Thursday, 17 June 2010

Levi - 'Care to Air' Design Challenge

In partnership with the Myoo Create community, Levi Strauss & Co. is running a competition for designers everywhere to respond to the challenge of how to design the world’s most innovative, covetable and sustainable air-drying solution for clothing. They’re offering prize money for the most effective solutions, as well as an audience with experienced designers and eco-innovators.

I feel this is an important and well briefed competition as every-day energy consumption is one of the most easily improved forms of energy use. Thus, I am attempting to design my own form of clothes air-drying and enter the competition. Personally, I believe that designing with a conscience is not only important, but also unavoidable, however much some critics claim to find 'eco-design' boring and over-played. These articles demonstrate the importance of this kind of innovative project:

'Clothes lines boom as we wash our hands of tumble dryers'- Mail Online, 19th Aug 2009.
'As a Seventies must-have mod con they helped banish another element of those wash day blues.
But the tumble dryer has never been a perfect solution. Aside from occasionally shrinking your favourite jumper, they were never particularly cheap to run - nor eco-friendly.
Which, in these straitened times, might explain why so many of us are turning back to the peg and clothes line. There has been a 20 per cent rise in sales of outside airers and humble washing pegs as families realise that ditching the tumble dryer is not only green, but bank balance-friendly too. According to the Energy Savings Trust an average of £60 can be saved on electricity bills every year by simply turning off the tumble dryer. If everyone in the UK who uses one - 60 per cent of households do - that would make a total saving of £720million. It would also reduce carbon dioxide emissions equivalent to taking 960,000 cars off the roads. But it seems it's not that easy for us to step back in time. Separate research found that one in five of us would be too embarrassed about hanging out our ' Bridget Jones' pants or control underwear in front of the neighbours. Over two fifths admit to having hidden underwear behind larger items when hanging it outside and many more women than men do this. The survey, carried out by Opinion Matters this year, also found that one in ten are too embarrassed to hang underwear outside at all. That said there are always show-offs. It seems there are 11 per cent who like to put their lingerie where it is most visible so that they can show off. Nicola Wood, buyer for outdoor drying at B&Q said: 'Investing in a washing line is one simple step we can all make for a greener life. 'We have seen increasing sales on washing lines and pegs, but it seems that letting it all hang out turns some cheeks red.' B&Q sells over 5,000 outdoor rotary airers, the modern day equivalent of the washing line, and 15,000 pegs a week.'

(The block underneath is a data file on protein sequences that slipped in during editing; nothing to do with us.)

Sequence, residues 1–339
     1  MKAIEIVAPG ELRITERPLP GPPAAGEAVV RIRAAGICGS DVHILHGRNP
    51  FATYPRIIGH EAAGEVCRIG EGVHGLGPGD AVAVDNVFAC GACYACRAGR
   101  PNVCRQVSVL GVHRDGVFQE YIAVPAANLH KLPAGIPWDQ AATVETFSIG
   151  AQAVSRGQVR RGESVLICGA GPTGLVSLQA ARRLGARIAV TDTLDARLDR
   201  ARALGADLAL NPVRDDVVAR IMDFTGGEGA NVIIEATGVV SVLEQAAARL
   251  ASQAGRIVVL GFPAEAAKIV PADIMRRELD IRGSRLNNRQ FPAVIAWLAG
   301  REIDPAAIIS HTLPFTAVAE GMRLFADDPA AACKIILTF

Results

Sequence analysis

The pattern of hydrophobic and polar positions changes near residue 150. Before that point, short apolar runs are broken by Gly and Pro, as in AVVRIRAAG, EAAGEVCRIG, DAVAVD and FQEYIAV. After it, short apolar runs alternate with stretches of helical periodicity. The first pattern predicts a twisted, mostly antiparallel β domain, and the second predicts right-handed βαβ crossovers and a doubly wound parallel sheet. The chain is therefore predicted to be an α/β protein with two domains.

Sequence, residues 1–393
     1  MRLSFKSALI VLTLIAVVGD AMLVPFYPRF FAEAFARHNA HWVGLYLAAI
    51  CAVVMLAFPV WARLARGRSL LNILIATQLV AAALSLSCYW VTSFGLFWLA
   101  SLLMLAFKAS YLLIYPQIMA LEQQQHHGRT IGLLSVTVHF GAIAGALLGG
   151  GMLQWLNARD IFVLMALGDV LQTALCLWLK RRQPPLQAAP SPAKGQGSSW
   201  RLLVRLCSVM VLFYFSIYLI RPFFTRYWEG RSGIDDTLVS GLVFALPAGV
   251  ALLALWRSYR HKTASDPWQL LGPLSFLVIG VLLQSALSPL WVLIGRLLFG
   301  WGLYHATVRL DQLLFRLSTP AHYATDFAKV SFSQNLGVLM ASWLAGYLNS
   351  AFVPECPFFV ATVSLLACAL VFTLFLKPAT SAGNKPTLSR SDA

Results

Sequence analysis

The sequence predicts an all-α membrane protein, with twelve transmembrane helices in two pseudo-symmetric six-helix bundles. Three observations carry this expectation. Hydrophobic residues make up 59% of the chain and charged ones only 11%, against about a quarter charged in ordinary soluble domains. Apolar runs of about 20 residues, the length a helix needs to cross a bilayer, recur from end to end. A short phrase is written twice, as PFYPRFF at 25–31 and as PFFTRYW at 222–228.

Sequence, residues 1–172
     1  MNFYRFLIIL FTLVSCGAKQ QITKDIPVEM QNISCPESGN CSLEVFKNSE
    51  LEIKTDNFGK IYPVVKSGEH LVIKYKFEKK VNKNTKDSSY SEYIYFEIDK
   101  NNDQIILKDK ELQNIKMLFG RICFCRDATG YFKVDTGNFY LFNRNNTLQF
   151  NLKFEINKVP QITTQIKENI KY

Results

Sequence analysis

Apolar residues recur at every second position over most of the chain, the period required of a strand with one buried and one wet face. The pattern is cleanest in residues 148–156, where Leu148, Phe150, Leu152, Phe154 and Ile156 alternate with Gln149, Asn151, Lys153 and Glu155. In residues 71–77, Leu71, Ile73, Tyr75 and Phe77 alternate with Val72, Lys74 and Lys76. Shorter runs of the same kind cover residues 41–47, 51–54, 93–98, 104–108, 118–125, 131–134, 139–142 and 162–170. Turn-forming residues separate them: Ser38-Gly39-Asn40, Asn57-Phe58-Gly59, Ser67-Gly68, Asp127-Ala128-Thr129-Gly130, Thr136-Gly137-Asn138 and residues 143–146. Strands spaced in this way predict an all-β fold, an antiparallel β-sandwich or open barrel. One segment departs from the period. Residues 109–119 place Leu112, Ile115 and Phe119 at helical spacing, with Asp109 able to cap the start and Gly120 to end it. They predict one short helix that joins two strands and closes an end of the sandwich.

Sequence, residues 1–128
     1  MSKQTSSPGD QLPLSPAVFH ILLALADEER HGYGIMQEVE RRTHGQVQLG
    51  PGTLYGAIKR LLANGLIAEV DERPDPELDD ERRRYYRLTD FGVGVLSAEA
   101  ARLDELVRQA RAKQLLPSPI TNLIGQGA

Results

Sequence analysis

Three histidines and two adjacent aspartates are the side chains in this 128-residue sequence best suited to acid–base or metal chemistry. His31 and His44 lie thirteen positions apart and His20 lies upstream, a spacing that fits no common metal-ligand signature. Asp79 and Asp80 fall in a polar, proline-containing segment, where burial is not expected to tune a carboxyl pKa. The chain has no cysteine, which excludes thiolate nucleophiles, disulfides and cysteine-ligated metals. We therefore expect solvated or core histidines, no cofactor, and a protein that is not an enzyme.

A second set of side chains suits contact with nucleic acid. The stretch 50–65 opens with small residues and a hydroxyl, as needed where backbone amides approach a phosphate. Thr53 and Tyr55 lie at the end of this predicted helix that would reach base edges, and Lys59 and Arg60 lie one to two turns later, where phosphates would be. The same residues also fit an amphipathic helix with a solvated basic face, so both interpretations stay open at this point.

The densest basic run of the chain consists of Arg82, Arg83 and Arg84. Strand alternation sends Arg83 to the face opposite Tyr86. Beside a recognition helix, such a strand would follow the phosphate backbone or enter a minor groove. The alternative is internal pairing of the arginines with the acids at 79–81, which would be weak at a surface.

'Tread lightly: Switch off your tumble dryer'-, 2nd May 2008.
'According to National Statistics, almost 60% of households now own a tumble dryer. That means more than 14m households are using electricity to dry clothes, when they could save that energy by hanging them outside. An average drying-machine cycle uses just over 4kWh of energy and produces around 1.8kg CO2. If all households with a tumble dryer dried one load of washing outside each week, instead of by machine, they would save over a million tonnes of CO2 in a year.
There are three types of tumble dryer on the market in the UK: electric venting, electric condensing and gas. Venting ones release hot, damp air outside, while condensing ones transfer surplus water to a storage tank in the machine and release heat indoors. The latter type uses the most energy, but contributes heat to the house. Gas tumble dryers are the most energy-efficient of all, producing around half of the CO2 emissions of an electric equivalent. However, only one company produces front-loading gas models in the UK and less than 0.5% of UK tumble dryers currently run on gas.
Whereas it is now easy to find fridges with an A or A+ rating for energy efficiency, tumble dryers are still mostly languishing in the C rating band or lower. The Energy Saving Trust endorses only three products, and only one of those has an A rating. The other two have a C rating but are recommended because they have an auto-sensor that stops them working once the clothes reach a specified level of dryness. Comparing the energy uses of different household appliances over the course of a year shows just how energy-hungry even the most efficient tumble dryers are. According to Carbon Footprint, an A+ fridge-freezer used 24 hours a day will produce 116kg CO2; an A-rated washing machine used 187 times will generate 51kg CO2; and a dishwasher used 135 times at 65°C will create 84kg CO2. The A-rated tumble drier recommended by the Energy Saving Trust, used 3 times a week, will generate over 160kg CO2 per year. Eco Washing Lines has a wide range of products for drying clothes indoors and out. If you can't dry clothes outside, invest in an airer to use inside your house. Ceiling ones work best because warm air rises. But if you don't have a suitable lofty location, try a floor-standing or wall-mounted one. Most home heating systems run on gas, so it is still better to dry your clothes inside the house in winter than to dry them by machine. You'll not only save energy and money by ditching the dryer but your clothes will last longer too.'

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